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The only thing worse than the cuts at The News & Observer was the way N&O executives handled the announcement. They sounded like the stonewalling government bureaucrats the N&O excoriates during Open Government Week.

Jonathan B. Cox, who wrote the story, had the hardest job in North Carolina. Imagine writing about your employers while they’re deciding which 16 newsroom employees will be fired.

This line was especially interesting:

“For readers, the changes will mean a thinner newspaper with more focused coverage and a scope that reaches across North Carolina.”

What does “more focused coverage” mean? Sounds like “less.”

And “a scope that reaches across North Carolina?” That apparently refers to the fact that the N&O will no longer be competing with The Charlotte Observer. They will move closer to being one newspaper.

John Drescher, the N&O’s executive editor and senior vice president for news, was honest:

“Clearly, when you look at these changes and some other changes we’ve made, print readers are going to get less….Strategically, our goal is to maintain the quality of our print product” (while offering more on The N&O’s Web sites).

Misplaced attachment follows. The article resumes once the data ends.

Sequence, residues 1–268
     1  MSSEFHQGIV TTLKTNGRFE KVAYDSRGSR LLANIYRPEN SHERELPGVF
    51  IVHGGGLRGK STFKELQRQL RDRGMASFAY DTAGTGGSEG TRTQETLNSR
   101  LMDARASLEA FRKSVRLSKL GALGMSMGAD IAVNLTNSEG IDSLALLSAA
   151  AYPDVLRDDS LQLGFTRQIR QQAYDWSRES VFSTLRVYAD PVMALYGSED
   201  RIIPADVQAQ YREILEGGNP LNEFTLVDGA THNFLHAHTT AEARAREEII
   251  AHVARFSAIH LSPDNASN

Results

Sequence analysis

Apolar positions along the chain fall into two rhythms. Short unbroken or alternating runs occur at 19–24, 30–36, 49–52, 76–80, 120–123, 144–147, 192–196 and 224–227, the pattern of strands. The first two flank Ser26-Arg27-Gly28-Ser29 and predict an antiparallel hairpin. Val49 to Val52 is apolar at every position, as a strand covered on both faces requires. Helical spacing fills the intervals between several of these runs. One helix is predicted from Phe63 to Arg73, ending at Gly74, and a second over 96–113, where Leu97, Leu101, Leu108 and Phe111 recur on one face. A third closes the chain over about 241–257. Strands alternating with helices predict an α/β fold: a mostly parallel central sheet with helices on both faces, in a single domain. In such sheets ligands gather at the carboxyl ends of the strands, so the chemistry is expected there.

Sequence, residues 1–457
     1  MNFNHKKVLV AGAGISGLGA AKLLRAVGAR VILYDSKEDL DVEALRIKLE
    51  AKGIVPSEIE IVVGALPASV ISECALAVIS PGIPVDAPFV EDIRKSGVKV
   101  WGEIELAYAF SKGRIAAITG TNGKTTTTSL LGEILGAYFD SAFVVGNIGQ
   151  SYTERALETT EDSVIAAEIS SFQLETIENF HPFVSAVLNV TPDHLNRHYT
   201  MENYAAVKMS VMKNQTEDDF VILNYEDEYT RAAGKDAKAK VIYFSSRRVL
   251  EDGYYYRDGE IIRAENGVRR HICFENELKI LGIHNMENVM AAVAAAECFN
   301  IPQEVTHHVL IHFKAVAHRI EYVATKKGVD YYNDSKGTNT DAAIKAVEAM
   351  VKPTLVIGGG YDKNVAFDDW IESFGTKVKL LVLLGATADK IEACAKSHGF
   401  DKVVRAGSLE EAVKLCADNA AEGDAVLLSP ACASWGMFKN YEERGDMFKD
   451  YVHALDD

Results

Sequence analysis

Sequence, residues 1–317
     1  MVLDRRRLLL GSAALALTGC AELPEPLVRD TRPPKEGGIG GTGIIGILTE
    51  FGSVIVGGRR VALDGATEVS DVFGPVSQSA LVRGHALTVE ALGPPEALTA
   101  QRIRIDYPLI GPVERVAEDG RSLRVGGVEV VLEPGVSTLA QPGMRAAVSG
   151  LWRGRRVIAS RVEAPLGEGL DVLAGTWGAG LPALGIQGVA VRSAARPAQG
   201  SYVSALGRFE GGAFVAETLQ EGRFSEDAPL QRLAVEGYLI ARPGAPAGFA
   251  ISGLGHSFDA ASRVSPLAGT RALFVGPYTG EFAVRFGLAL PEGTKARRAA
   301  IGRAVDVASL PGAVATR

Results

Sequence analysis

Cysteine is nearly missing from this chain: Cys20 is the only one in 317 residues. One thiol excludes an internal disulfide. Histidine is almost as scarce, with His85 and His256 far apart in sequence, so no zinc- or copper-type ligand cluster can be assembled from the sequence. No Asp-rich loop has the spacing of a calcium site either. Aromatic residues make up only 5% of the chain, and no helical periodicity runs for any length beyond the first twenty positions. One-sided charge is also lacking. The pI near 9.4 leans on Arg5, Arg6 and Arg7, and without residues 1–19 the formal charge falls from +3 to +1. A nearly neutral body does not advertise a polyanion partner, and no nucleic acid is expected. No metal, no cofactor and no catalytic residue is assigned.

The N&O’s chiefs owe the public more than what was in effect a published press release.

All last week, they stonewalled WRAL, huffing that any announcements would be made in the N&O.

But can you count on any institution – a newspaper or a government agency – to report honestly on itself?

Drescher and publisher Orage Quarles III should subject themselves to questions from outside reporters.

Yes, the N&O is owned by a private company. But it has a public role and a public responsibility.

The paper should show the same accountability it demands from other companies and institutions.

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